"EPA is working with state and tribal agencies to develop and implement local pollinator protection plans, known as Managed Pollinator Protection Plans (MP3s)," the agency recently announced. "For example, state and tribal MP3s may address pesticide-related risks to all pollinators, including managed bees and wild pollinators."

And while such a flexible plan can be beneficial, some environmental watchdog groups are worried the EPA is subtly washing it's hands of the matter.

"We're concerned that the EPA is passing the buck, ignoring clear science... and not actively seeking solutions," Tiffany Finck-Haynes, a campaigner with Friends of the Earth (FoE), explained.

"States are being tasked with creating Pollinator Protection Plans with little funding support," Michele Colopy, program director of the Pollinator Stewardship Council, added. "At a minimum, states need funding for apiary inspectors and lab testing of hive matrices and honey bees." (Scroll to read on...)

A beekeeper calms bees with a smoker before inspecting the hive.
(Photo : Guy Stubbs) A beekeeper calms bees with a smoker before inspecting the hive.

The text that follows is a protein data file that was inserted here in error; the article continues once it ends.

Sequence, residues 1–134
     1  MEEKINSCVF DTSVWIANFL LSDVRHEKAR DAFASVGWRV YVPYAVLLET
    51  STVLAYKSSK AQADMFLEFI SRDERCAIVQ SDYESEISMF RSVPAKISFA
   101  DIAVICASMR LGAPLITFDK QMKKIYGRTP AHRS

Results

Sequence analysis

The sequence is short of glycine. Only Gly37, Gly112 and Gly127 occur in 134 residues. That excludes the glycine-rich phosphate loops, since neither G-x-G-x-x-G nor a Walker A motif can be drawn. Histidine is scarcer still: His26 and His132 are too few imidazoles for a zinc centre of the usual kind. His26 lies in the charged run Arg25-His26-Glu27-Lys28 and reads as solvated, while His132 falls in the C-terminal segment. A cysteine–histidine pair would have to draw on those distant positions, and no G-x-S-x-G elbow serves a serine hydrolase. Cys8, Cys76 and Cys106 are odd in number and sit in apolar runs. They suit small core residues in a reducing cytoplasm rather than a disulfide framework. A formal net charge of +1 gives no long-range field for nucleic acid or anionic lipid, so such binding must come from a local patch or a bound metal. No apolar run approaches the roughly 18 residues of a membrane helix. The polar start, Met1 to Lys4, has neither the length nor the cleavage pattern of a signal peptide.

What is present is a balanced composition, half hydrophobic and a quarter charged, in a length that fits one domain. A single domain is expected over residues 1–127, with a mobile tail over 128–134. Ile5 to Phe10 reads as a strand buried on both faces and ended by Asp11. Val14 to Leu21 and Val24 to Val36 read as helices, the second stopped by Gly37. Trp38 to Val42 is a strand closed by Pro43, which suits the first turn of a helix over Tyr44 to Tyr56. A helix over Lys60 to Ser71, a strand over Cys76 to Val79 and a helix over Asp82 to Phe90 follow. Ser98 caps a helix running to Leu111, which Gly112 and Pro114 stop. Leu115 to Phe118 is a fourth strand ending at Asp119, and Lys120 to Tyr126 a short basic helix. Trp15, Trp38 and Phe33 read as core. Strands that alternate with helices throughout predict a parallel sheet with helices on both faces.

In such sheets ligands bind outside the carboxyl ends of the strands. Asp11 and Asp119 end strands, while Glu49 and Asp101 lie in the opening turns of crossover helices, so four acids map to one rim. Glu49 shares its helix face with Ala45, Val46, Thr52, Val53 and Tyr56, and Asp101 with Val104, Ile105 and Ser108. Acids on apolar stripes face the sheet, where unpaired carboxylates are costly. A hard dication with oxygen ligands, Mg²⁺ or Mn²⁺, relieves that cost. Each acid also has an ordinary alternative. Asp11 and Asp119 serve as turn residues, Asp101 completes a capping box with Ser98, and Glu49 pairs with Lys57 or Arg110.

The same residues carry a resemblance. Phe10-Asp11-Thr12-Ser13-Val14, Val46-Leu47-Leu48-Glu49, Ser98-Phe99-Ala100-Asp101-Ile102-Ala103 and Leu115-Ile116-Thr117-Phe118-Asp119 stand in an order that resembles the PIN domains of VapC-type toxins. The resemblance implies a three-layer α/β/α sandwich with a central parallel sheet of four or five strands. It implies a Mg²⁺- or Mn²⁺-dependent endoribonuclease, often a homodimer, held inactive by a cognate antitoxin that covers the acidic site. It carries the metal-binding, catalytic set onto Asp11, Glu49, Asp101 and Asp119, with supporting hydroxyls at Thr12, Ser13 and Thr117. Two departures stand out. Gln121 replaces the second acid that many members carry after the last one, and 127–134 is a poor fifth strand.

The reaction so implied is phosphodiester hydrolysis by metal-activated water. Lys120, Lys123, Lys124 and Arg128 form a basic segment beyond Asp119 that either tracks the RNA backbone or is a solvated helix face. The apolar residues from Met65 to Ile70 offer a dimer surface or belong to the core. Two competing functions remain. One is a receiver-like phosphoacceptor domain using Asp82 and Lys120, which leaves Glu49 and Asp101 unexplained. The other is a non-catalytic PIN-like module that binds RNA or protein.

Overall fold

This funding, she says, remains unaccounted for in many states. Meanwhile, states like Massachusetts are turning to a consortia of agricultural industry experts to head their planning, largely ignoring the concerns of citizen bee keepers.

"The seven county beekeeping organizations, comprising over 80 percent of state beekeepers, were never informed this consortia existed and when discovered were initially banned from their meetings," MA beekeeper, Richard Callahan complained. "The EPA should be aware that the agri-chemical industry is attempting to hijack the entire pollinator program in order to protect neonics... This is a cynical enterprise."

A FOIA Fight

And Callahan is not alone in his suspicions. Last August, FoE even submitted a Freedom of Information Act to the Environmental Protection Agency requesting meeting minutes and communications between the EPA planners and representatives of the pesticide industry.

"Friends of the Earth submitted this FOIA due to concerns raised by beekeepers around undue pesticide industry influence on the development of the EPA's pollinator and pesticide policies," the group explained.